It is at the interview that you will be given a copy of the franchise agreement, and a copy of the franchise operations manual, to look over so you can make an informed decision about continuing. It’s important to emphasise that each franchise is different and when you get access to these documents, will very much depend on the franchisor. But it’s also important to know that franchising needs to be right for both parties, for the sake of the business’s success. So you won’t be forced into or sold into, buying a franchise.
3. Speak to a Franchise Consultant and Franchising Solicitor
Many franchise consultants are eager to help those looking to get in to franchising and will be happy to explain to you anything that you don’t understand.
Go over the franchising documents with a franchise legal specialist, including the franchise agreement which will in many cases, reference the franchise operations manual. A franchise agreement can’t be changed without your approval, but a franchise operations manual can. Whilst the franchise agreement won’t cover absolutely every scenario imaginable, it should cover the roles and responsibilities of both parties, setting out obligations and legalities. Make sure you check with a legal specialist and go over anything you’re not sure about, raising concerns with the franchisor.
You may not get access to the franchise operations manual until you are ready to launch your franchise.
4. Securing a Territory
Your territory in most cases will be exclusive to you. No other franchisees of the same franchise can trade in that territory. Once you’ve decided on the franchise you wish to invest in, after checking out the business model with a legal advisor, the next steps to progress would be to put down a deposit to secure your territory and interest in the franchise. How much a deposit costs and what the deposit covers (including its terms) will be covered in what’s called a franchise deposit agreement. This isn’t the same as the franchise agreement, the deposit agreement covers the deposit and what the deposit covers. Again, go over this with your legal advisor.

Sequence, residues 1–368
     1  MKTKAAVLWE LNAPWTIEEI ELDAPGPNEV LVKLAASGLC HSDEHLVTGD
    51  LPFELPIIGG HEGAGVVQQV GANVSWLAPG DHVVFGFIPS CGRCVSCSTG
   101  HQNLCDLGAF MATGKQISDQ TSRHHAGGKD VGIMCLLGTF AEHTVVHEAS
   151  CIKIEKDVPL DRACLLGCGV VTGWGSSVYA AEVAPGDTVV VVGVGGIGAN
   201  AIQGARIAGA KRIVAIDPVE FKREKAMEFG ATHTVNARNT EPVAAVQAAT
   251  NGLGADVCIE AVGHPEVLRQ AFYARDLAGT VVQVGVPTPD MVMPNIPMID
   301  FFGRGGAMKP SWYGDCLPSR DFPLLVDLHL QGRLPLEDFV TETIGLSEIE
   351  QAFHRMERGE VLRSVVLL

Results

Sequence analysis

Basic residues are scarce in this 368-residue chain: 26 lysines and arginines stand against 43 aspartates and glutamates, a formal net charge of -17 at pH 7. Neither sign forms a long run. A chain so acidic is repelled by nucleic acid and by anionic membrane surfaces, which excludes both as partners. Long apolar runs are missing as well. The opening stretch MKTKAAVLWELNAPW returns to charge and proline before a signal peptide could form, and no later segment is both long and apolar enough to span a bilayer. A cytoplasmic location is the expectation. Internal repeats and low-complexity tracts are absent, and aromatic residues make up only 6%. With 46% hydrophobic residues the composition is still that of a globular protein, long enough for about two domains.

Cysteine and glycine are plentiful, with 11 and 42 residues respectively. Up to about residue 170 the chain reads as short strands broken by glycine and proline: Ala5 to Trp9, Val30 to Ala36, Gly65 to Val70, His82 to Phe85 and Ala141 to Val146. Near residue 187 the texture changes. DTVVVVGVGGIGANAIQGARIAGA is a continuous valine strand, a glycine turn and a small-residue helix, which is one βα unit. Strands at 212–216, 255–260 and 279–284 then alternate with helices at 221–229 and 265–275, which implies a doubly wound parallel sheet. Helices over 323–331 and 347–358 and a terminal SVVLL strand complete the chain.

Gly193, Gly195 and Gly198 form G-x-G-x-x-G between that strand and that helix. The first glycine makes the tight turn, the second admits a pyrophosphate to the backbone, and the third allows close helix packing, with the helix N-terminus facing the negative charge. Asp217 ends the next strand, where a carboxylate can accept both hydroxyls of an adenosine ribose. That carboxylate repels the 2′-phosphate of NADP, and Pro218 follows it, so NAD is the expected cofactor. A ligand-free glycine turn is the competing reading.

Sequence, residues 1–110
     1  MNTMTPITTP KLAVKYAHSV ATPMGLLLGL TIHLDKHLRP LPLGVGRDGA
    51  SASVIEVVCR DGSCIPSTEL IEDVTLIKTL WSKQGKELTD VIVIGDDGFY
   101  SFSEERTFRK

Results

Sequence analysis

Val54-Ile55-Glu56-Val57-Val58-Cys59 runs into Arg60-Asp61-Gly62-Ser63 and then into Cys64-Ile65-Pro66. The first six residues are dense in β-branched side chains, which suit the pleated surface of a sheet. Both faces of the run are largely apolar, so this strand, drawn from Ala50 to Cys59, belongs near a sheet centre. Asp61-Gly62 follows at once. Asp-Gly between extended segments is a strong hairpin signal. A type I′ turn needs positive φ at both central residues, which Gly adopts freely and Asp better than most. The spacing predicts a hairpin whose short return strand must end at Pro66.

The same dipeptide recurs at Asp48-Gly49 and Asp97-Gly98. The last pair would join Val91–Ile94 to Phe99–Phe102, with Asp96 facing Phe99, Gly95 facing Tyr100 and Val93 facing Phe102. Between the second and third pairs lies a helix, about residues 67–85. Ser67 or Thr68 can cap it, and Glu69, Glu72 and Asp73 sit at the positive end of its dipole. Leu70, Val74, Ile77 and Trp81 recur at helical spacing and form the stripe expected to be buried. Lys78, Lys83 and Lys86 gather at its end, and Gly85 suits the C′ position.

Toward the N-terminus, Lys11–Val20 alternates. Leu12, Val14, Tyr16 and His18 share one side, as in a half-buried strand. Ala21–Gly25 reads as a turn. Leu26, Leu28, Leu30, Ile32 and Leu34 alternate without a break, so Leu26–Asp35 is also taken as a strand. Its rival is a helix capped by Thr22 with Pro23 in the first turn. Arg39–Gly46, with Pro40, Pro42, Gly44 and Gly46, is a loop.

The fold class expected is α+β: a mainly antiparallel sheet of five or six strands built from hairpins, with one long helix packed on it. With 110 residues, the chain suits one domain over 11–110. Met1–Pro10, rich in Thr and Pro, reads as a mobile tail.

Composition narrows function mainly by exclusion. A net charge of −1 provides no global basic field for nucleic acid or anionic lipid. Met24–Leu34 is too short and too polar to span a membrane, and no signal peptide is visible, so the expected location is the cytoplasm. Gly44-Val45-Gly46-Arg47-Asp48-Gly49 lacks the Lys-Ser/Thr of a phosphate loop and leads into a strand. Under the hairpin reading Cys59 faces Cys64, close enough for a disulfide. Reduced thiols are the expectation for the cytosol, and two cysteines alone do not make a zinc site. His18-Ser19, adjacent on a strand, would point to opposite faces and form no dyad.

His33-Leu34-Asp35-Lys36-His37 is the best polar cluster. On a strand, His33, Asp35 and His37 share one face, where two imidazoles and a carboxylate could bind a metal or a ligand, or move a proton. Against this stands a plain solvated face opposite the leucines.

The deposit usually secures your territory, whilst you prepare the funds and financing in readiness for your franchise investment.
Signing a deposit agreement may come before or after signing an NDA and franchise agreement it can vary between franchises in their individual steps for recruiting a franchisee. Usually you’d want to read the terms outlined in the agreement before putting any sum of money down, which is why I have placed this section after looking over the agreement.
5. Launching the Franchise
After signing the franchise agreement, placing the deposit down and getting things together, it is time to launch your franchise. Your franchisor will help you market the business, but before all of this happens they will provide you with the training and support required to make everything fall perfectly in to place.
They’ll work with you to set up your premises including store fitout if your franchise is premises based, all ready for launch day.
The Franchising Process
All franchises are different, and this guide is not a concrete answer to the steps involved with buying a franchise. It should be noted that every franchise is different, and the steps involved may take different form to those outlined above. With some franchises such as McDonalds, there are multiple interview stages, panels to meet and multiple discovery days. When you get access to the franchise agreement and operations manual too will vary by franchise.
However the steps above are very close to what you should expect to see when on a journey to becoming a business owner through franchising, and we hope that this guide will help you on that journey.